A study of firm motivations to invest in strategic political management
Rudy, Bruce Coleman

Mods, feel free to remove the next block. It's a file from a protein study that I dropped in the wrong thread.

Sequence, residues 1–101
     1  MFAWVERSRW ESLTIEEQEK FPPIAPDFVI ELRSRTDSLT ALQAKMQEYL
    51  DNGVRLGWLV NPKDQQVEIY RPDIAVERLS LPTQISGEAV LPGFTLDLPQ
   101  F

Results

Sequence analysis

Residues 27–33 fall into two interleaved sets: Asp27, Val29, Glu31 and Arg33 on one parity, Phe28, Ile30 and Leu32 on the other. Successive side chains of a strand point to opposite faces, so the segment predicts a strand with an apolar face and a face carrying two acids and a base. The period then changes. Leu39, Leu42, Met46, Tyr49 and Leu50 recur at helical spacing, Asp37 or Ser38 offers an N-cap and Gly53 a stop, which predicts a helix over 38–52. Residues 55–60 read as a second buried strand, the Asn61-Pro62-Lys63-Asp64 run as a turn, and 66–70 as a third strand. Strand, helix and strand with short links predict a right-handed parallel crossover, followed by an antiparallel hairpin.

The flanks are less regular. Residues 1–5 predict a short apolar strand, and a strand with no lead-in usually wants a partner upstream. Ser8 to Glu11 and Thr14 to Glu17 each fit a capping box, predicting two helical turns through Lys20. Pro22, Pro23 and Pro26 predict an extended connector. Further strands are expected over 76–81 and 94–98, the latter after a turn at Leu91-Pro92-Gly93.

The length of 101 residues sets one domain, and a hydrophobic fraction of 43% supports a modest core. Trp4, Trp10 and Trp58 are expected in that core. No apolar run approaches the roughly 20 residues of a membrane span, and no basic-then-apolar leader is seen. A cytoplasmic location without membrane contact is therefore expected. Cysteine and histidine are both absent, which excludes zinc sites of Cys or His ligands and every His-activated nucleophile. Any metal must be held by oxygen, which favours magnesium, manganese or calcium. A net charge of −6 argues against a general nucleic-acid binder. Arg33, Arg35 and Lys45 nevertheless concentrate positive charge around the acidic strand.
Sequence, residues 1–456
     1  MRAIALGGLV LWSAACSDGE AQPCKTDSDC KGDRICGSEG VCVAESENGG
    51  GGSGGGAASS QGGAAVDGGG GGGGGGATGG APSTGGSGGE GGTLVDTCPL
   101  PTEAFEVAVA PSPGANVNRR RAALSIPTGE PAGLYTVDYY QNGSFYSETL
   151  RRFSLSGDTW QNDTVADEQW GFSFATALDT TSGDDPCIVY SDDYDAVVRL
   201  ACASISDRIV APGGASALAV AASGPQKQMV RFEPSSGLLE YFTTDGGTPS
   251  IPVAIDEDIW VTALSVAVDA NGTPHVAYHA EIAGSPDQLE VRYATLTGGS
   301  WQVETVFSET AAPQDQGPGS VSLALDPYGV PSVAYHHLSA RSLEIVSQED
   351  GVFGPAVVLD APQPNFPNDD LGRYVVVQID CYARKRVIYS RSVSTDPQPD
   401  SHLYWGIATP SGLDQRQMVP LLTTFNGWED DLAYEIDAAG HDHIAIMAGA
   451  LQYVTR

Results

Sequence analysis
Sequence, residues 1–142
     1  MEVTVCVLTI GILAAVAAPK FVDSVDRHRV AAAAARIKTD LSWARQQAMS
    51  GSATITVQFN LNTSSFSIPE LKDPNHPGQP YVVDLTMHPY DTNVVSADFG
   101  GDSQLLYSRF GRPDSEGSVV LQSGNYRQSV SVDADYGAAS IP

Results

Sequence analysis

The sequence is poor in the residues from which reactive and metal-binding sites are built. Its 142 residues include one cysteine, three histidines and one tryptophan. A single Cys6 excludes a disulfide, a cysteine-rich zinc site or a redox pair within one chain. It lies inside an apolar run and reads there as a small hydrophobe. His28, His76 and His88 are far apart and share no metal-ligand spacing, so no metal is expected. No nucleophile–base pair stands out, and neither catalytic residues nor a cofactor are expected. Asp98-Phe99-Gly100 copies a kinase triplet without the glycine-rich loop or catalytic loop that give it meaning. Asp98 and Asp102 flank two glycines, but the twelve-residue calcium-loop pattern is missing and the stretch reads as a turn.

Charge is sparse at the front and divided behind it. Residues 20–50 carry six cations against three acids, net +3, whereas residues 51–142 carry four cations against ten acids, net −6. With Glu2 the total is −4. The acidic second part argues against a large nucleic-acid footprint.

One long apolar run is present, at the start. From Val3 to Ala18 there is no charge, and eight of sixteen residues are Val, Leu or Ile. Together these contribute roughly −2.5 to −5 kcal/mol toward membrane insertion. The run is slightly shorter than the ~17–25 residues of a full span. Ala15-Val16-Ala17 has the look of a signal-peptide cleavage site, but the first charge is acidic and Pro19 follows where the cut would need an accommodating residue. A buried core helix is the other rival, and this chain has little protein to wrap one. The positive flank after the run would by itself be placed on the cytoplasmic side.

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Firms are believed to engage in strategic political management (SPM) in attempts to shape public policy in favorable ways and enhance their economic returns. Extant research has broadly considered the motivations leading to corporate political activity, focusing on the effects of market power using metrics such as firm size and industry concentration to investigate this phenomenon. More recently, scholars have proposed a more nuanced perspective on the subject, suggesting that different types of SPM may exist. For example, both Baysinger (1984) and Oliver and Holzinger (2008) have distinguished between corporate political strategies designed to maintain or alter the firm’s political environment. In this study, I seek to more critically explore this distinction. I propose that at least two different types of SPM exist: defensive SPM, which is directed at protecting existing competitive advantage, and offensive SPM, which is focused on creating new forms of competitive advantage. I further propose that the threats and opportunities in a firm’s regulatory environment are important motivators of these different types of SPM. In the context of the natural gas industry in Texas from 1999-2009, I find that the degree of regulatory uncertainty in the firm’s political environment influences it to engage in defensive SPM. I also find that the size of the firm’s asset inventory influences it to engage in offensive SPM. Furthermore, I find that regulatory uncertainty negatively moderates the relationship between the size of a firm’s asset inventory and its likelihood of investing in offensive SPM.